The weight of the 1999 Connecticut Quarter is 13 grams. This weight consists of 6.25 Gram silver, and the coin’s diameter is 24.3mm.

Connecticut state quarters from 1999 are constructed of a clad composition containing copper and nickel. Authorities also produced quarters with clad proofs and silver proofs, and they sold for more money. The standard obverse of the 50 State Quarters series appears on the obverse of the 1999 Connecticut quarter. It depicts a reworked picture of George Washington, inspired on a 1786 plaster bust by French artist Jean-Antoine Houdon, designed by John Flanagan. Sculptor-engraver William Cousins produced the updated portrayal of Washington. And it will be the obverse design for the quarter for the length of the America the Beautiful Quarter series.

The inscriptions QUARTER DOLLAR & UNITED STATES OF AMERICA was formerly on the reverse of Washington quarters produced from 1932 to 1998. Still, authorities moved them to the obverse to accommodate the shifting 50 States Quarter designs. To the top of Washington’s ponytail is the mintmark.

What is the Tree on the Connecticut Quarter?

Connecticut Quarter features the official Connecticut tree: Charter Oak. The Reverse of the 1999 Connecticut Quarter has a picture of the famous charter oak. This tree possesses an old history of the place and its people.

The Charter Oak, a historic emblem of freedom and independence for the state, is shown on the reverse of the Connecticut quarter. The governor of colonial New York once asked that Connecticut give up its royal charter and recognize his authority over the province in the late 17th century. Connecticut rejected, resulting in a ten-year dispute. Finally, Governor Edmund Andros and a contingent of armed troops traveled to Hartford in 1687, ostensibly receiving the charter document’s surrender. According to folklore, the charter was on the table between the colonies and the governor. But the colonists blew out the candles. The charter had vanished when the room’s light was restored.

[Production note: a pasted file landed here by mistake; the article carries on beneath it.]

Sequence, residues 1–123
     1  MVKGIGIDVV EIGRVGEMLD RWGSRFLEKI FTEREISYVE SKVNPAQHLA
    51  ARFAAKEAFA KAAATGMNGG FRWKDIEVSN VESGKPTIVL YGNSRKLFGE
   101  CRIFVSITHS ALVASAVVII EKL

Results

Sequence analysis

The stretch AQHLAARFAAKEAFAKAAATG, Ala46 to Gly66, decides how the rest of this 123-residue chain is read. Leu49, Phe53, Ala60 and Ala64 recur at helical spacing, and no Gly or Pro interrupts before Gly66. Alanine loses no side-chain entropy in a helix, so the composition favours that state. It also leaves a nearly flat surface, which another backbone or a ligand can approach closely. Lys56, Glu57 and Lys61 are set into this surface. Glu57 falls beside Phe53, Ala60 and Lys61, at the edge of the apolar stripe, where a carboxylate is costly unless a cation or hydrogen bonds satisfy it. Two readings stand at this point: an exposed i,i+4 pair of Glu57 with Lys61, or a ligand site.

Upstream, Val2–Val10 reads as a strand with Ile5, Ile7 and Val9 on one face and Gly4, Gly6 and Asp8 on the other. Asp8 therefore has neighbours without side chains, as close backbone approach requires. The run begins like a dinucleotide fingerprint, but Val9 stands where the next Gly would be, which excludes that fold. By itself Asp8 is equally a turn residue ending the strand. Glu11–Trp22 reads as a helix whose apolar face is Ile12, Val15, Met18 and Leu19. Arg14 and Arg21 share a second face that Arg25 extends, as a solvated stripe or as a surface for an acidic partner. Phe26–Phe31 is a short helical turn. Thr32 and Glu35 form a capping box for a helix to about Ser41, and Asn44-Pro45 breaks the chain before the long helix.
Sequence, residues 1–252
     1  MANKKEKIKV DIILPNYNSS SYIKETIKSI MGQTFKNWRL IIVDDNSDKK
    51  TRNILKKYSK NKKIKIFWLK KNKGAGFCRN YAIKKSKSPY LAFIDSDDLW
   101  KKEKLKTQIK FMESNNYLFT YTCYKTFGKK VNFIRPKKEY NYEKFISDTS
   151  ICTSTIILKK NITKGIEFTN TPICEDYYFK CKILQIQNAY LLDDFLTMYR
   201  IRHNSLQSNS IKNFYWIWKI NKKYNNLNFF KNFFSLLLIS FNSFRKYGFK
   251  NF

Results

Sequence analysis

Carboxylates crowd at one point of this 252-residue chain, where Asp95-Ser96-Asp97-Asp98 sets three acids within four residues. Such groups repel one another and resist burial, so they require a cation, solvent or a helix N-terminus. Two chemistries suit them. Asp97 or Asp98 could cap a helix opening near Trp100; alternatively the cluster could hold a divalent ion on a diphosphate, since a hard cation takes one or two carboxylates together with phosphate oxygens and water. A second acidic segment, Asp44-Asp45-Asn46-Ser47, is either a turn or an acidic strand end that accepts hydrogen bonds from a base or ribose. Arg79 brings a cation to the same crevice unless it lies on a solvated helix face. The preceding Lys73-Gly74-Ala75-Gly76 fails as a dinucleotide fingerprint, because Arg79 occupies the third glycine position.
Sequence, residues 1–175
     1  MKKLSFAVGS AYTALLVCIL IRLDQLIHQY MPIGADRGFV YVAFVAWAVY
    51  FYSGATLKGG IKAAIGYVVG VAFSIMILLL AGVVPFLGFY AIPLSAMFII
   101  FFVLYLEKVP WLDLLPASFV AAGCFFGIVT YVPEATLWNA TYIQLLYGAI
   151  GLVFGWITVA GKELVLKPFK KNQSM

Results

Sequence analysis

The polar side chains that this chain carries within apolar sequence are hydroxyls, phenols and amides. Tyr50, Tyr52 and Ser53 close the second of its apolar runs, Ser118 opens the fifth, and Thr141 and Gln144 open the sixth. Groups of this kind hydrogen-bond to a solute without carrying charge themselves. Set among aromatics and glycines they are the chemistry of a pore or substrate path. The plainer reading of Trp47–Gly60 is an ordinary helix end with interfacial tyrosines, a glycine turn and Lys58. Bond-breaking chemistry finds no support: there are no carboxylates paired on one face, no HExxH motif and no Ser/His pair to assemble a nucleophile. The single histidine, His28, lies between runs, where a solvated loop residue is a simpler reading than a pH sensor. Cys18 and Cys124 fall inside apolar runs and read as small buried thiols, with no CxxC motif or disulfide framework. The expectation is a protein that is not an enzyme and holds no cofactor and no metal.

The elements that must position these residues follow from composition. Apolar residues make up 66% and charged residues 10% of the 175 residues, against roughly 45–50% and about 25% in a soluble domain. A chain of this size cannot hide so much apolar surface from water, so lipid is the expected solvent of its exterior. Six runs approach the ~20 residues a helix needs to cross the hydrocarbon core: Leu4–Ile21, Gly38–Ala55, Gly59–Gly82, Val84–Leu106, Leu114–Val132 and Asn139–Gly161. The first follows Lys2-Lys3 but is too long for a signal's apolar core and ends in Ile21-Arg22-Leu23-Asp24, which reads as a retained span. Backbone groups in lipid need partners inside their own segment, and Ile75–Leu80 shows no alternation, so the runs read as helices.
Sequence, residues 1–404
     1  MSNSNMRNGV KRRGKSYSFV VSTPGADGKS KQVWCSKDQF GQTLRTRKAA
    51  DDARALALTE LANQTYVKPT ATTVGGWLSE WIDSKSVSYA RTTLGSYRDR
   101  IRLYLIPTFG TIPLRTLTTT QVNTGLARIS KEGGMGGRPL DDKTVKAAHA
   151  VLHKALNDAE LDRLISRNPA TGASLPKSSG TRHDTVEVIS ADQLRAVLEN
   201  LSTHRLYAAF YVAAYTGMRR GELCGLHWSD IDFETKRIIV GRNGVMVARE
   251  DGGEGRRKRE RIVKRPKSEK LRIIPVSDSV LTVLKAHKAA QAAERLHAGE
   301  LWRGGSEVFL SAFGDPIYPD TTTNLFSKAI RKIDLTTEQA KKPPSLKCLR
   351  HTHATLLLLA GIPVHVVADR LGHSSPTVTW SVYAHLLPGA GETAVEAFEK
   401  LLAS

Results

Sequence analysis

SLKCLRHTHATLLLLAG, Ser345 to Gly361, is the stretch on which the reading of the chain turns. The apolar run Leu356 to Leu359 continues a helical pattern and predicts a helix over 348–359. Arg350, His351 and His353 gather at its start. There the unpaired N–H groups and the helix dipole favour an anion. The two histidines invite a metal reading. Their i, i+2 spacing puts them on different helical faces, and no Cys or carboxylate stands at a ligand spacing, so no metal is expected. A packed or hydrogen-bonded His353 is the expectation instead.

While Governor Andros successfully forced the colony to capitulate, he could never get the real charter. It was rumored to be hidden in the Charter Oak. The elaborate portrayal of the tree’s branches, which extend across the majority of the coin’s face, is the most noticeable feature of the reverse design. Above the tree are CONNECTICUT and 1788 (the state adopted the Constitution). The caption THE CHARTER OAK is heaped at the top of the other two words in the phrase under the lowest branches of the oak on the left side but across a brief span of ground. A portion of the masonry wall may be found at ground level to the right of the tree. The year of issuance, 1999, and the motto E PLURIBUS UNUM are inscribed in the exergue beneath the earth and the tree.

What is the Error on the 1999 Connecticut Quarter?

The 1999 Connecticut Quarter has 4 different types of error. These errors are Double die error, Off-center error, Die Chip & Die break error. These error coins have a high valuation in the market.

There aren’t many doubled dies for the Connecticut state quarter currently known at this time, but there is at least one! On the reverse (tails side) of Philadelphia-minted coins, it entails doubling in the branches of the Charter Oak. The value of these pieces varies widely, although they often sell for $10 to $20 each.